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Book Review

Embryo: A defense of human life

Harry Ostrer

Human Genetics Program, New York University School of Medicine, New York, New York, USA. E-mail: ostreh01@med.nyu.edu

Published August 1, 2008

Robert P. George and Christopher Tollefsen. Doubleday. New York, New York, USA. 2008. $23.95ISBN: 978-0-385-52282-3 (hardcover).242 pp.

In 2001, I moderated a debate on the ethics of human embryonic stem cell research that was argued on the affirmative side by the writer William Kinsolving and his daughter, Eliza, and on the negative side by the bioethicist and molecular biologist Father Kevin Fitzgerald. At one point, assuming the role of a Sunday morning news show host, I questioned Father Fitzgerald about whether human life began at the time of sentience — ability to experience feelings. Accustomed to answering this question, Father Fitzgerald replied that, in fact, we do not know when human life begins and that, in the absence of that knowledge, we must infer that it began at the time of conception, making embryonic stem cell research (and therapy) unethical.

In their book Embryo: a defense of human life, Robert George and Christopher Tollefsen have no doubts about when human life begins. George, a professor of jurisprudence at Princeton University, and Tollefsen, an associate professor of philosophy at the University of South Carolina, assert that human life begins at the time of conception. They are not swayed by philosophical arguments of mind-body dualism dating back to Plato and revisited during the Enlightenment by Descartes. They assert that a person is not an immaterial entity that is different from the body and capable of an independent existence.

Likewise, the authors are not swayed by more recent scientific arguments about the pluripotency of early embryonic blastomere cells. Early embryos can be disaggregated to yield embryonic stem cells that can differentiate into specific cell types, such as insulin-producing β cells for treatment of diabetes mellitus — the goal of the Kinsolvings’ quest. Alternatively, each cell can be cultured to form a new multicellular embryo that can be implanted separately to form twins, triplets, or multiples of limitless numbers. Or, cells from two embryos can be aggregated to form a chimera that develops into a normal individual (or a true hermaphrodite, if the embryos were of opposite sex) (1). Yet most human embryos are chromosomally abnormal and do not have the potential to develop into human babies. Rather, failure to implant into the uterus or to divide past a certain stage, or the formation of abnormal structures such as hydatidiform moles, is perhaps more the norm than the exception during early human development. Neither totipotency nor lethal defectiveness alters the authors’ views. Embryos are human beings from the moment of fertilization, period.

The debate about the ethics of human embryo research is not new. In 1994, I acted as an advisor to Paul Marks, the co-chair of the NIH Human Embryo Research Panel. In my position paper, I argued that not only would human embryonic stem cell research lead to a potentially promising therapy, but that embryo research would provide insight into early embryonic human development, human birth defects, and infertility — insights that have carried over into my own research (2). Model organisms, such as the mouse, are not an adequate substitute for studying early human development because they differ from humans in size, appearance, longevity, physiology, genetics, and performance. It is well known that the panel recommended that the NIH should fund human embryo research, a step that was not taken by the Clinton administration. It was only during the administration of George W. Bush that funding was made available for research on previously established embryonic stem cell lines. This position was put forth as a compromise by the President’s Council on Bioethics, of which Robert George is a member. Clearly, George was not in the voting majority. In fact, in Embryo, George seems to be settling old scores with some of the other members of the Council.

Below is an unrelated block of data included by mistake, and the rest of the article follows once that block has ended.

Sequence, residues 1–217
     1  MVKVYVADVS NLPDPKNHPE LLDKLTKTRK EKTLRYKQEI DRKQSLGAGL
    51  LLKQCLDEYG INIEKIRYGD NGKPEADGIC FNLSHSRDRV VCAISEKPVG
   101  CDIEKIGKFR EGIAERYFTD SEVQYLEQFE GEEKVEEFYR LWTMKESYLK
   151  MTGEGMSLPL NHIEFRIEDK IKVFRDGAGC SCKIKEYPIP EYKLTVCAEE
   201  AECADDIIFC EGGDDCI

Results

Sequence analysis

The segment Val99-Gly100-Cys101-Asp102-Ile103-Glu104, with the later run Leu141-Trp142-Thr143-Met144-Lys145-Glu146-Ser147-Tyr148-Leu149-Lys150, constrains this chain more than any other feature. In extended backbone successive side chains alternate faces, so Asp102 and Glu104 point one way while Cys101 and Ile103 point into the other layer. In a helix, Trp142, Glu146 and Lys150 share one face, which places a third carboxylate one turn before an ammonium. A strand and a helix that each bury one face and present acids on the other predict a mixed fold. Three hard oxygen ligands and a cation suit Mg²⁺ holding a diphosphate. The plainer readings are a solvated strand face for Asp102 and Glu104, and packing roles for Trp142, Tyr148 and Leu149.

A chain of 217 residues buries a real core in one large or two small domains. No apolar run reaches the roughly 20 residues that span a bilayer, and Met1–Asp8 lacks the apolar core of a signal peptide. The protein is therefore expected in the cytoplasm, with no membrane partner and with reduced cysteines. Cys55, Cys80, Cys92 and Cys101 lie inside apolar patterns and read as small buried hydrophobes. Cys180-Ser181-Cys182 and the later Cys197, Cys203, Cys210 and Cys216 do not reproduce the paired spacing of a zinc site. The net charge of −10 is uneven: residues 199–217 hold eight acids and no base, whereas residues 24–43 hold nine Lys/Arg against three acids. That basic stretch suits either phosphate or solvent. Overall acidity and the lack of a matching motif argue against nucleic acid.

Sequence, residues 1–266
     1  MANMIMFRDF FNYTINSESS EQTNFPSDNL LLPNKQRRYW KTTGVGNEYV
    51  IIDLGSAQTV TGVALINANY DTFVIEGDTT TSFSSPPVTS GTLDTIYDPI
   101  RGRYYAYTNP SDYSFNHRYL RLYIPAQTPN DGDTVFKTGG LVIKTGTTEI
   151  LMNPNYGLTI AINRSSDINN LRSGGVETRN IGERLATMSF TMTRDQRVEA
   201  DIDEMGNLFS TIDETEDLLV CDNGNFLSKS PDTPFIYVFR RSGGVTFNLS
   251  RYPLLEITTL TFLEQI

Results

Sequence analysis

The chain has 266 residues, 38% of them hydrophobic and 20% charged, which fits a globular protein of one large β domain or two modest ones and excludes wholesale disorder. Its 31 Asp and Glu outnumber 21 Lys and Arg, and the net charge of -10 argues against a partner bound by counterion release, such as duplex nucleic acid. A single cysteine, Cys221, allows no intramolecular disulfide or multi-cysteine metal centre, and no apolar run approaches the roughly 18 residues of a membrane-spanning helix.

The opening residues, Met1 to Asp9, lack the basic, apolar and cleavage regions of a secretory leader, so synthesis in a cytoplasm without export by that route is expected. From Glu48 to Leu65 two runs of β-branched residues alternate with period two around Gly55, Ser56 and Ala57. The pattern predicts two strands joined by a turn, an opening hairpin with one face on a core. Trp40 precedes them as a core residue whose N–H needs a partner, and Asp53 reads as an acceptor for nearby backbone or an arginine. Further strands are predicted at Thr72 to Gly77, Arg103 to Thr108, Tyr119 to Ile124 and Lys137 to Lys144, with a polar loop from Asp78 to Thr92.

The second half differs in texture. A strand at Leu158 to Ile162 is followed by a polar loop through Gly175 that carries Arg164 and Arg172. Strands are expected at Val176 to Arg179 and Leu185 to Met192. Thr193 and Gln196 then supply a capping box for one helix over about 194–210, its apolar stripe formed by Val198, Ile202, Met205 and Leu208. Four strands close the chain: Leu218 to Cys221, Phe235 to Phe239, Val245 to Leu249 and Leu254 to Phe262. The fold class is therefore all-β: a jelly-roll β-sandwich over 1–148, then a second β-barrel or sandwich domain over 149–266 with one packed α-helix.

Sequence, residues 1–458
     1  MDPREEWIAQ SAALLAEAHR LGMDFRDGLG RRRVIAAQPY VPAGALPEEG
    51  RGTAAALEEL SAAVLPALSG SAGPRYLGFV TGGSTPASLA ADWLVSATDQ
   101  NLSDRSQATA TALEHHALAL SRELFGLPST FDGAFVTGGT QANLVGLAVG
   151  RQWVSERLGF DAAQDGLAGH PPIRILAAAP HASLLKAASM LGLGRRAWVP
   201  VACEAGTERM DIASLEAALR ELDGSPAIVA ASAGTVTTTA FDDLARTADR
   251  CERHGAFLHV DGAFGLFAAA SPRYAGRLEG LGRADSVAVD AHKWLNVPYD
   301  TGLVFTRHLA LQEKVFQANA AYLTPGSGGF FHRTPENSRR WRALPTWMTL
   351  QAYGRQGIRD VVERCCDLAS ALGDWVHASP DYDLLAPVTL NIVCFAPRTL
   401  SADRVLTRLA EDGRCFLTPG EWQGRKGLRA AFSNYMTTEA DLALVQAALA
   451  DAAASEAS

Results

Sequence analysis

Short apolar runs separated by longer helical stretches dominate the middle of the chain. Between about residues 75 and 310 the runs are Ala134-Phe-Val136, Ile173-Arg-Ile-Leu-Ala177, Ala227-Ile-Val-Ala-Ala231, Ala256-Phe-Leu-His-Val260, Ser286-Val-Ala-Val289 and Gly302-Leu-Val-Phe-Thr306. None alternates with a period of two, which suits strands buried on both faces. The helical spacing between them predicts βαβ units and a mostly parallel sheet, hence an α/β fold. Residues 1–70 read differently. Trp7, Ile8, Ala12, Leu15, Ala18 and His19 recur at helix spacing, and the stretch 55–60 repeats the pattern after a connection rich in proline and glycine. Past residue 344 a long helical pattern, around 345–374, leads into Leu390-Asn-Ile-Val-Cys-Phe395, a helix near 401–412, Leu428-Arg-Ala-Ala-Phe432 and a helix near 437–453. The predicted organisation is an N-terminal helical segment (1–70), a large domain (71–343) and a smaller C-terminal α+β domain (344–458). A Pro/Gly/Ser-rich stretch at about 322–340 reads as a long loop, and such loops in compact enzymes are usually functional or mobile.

Recognizing the implications of their views, George and Tollefsen propose that all research on cultured human embryonic cells should be prohibited in the United States, that funding should be increased for research into adult, amniotic, and placental stem cells and for distinguishing dead from living cryopreserved embryos, and that the production of human embryos in IVF procedures should be limited only to those that will be implanted (a limitation that has been imposed by the Italian government). They also recommend that adoption procedures should be established for the millions of currently cryopreserved embryos.

This book is a thoughtful treatise that is drawn from the premise that human life begins at the time of conception. Quite remarkably, research on human abortus material, permissible under NIH and institutional review board guidelines if the abortion was not performed for the purpose of research, is not discussed in this book. Reasonable people can consider the same evidence and draw opposite conclusions. Let the debate proceed on a higher plane.

References

  1. Yu, N., et al. 2002. Disputed maternity leading to identification of tetragametic chimerism. N. Engl. J. Med. 346:1545-1552.
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  2. Ostrer, H., Wilson, D.I., Hanley, N.A. 2006. Human embryo and fetus research. Clin. Genet. 70:98-107.
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